“Tell me how you got blood on your hands again, Mrs. Avery,” Toad asked.

“Are you going to arrest me? For my husband’s accident? I’m not answering any more of your questions without my lawyer present,” Linda said, and backed away from the men and sat down on the third stair, Kleenex box in hand.

She leaned forward, took another tissue from the box, wiped her swollen eyes, and put her head in her hands, transferring some of the blood from her hands to her red, cascading hair. Her chest came close to tumbling out of her tank top but didn’t, much to the dismay of the men who were secretly encouraging the duo to roam freely from their skimpy confines.

“I tried to save him,” she started rocking herself and repeated again and again as tears again streamed down her face. She looked down at the wads of tissue in her bloody hands.

“Is there someone we can call for you, Mrs. Avery?” the rookie officer finally found his voice and asked her.

“Linda, please, my name is Linda,” she looked up at him and gave him a forced attempt at a watery smile. “I don’t know; I can’t think right now.”

“What do I do now? What am I going to do? Sam is dead,” she wailed again, a fresh river of tears dripped down onto her top. She dabbed her eyes again.

“Maybe we should call her an ambulance and have her checked out at the hospital,” the rookie suggested to the veteran.

Linda shook her head quickly then took a couple deep breaths, much to the delight of the men in the room who were watching her.

“No, I don’t want to do that that, but I can’t stay here tonight,” she softly hiccupped. “I’m going to get a room for a couple days. Do you have everything you need?”

“We have everything,” the coroner said as he and his partner rolled her husband’s body into a black vinyl bag, zipped it up with a finality that Linda secretly found refreshing, and then lifted him onto the gurney and strapped him down.

“Please give us a call if you can think of anything else, or just need to talk,” the detective handed his business card to her. She noted he had hand-written his cell phone number on the back of it; she tucked it into the strap of her tank top. His eyes followed her hand, then he dropped his gaze down to his notebook.

“I will,” she struggled to catch her breath before tears began to well up again.

“We will need to know where you are staying, in case we have more questions,” Toad stepped forward. Linda almost smiled at the thought that he should have hopped.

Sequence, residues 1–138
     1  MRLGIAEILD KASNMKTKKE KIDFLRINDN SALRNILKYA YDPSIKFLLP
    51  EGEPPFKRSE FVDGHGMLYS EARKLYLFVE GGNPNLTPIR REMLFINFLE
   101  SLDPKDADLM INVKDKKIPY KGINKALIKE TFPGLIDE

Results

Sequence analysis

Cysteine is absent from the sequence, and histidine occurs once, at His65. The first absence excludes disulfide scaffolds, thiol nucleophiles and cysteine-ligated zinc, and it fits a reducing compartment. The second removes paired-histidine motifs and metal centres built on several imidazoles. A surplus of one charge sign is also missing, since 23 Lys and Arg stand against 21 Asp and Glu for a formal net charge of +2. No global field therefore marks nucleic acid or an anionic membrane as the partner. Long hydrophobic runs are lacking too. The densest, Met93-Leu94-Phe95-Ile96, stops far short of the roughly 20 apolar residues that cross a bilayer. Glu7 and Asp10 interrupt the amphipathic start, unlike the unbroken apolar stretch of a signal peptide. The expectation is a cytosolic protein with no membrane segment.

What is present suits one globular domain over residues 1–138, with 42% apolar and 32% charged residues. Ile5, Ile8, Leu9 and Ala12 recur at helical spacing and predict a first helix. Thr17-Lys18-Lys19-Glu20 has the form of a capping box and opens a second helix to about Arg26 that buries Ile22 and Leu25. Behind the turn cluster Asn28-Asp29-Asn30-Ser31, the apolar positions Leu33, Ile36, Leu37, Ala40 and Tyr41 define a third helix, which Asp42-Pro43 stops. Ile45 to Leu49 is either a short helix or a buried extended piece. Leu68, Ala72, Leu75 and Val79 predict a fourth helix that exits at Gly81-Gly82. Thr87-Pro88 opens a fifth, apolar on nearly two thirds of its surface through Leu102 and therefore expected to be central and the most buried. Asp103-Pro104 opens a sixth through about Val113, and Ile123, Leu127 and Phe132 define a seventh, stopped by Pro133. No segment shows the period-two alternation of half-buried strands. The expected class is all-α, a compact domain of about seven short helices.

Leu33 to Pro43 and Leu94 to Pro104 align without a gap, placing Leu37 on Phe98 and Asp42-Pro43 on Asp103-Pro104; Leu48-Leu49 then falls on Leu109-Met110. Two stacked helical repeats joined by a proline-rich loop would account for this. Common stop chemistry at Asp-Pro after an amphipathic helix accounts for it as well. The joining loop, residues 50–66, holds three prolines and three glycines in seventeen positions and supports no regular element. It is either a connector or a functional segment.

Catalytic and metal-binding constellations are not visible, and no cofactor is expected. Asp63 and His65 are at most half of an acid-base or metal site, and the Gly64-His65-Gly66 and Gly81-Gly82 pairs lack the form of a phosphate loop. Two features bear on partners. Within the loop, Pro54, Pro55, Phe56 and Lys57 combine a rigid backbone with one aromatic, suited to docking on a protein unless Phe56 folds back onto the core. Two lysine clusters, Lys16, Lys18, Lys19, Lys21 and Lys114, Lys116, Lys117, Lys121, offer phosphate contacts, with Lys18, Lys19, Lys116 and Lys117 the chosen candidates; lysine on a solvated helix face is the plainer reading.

I’ll call you with the details,” she turned to face the detective, ignoring the short, squat veteran’s implied warning.

“Is this considered a crime scene or can I call someone to help with clean up?” she asked the room in general, to anyone who would answer.

“We’ve gotten everything we need. Do you have someone to help you? There are some companies that specialize in this sort of thing,” the detective offered. “I could get you their numbers if you like.”

“That would be good,” Linda nodded absently. She was already three steps ahead of him but it wouldn’t hurt to have an ally on the police force.

She went into the kitchen to book her hotel room, then returned to the living room as the toad took one last glance around, and the detective and rookie took one last, longing, look at her gorgeous, voluptuous body. She knew the effect she had on men; it was one of her many assets. She paused and straightened up her shoulders. The officers’ mouths dropped open but quickly closed as they hurried to the front door.

She saw them out, then shut the door behind them and locked it before breathing a huge sigh of relief. She frowned at the large, dark, puddle of blood on the carpet, shrugged, then reached inside her top and under her large breasts to retrieve the gloves she had worn to fire the gun. She would dispose of them later, she decided, as she strolled upstairs to shower off what was left of Sam’s wasted life and to finish packing the travel bag she had readied the previous week in preparation for this cause for celebration.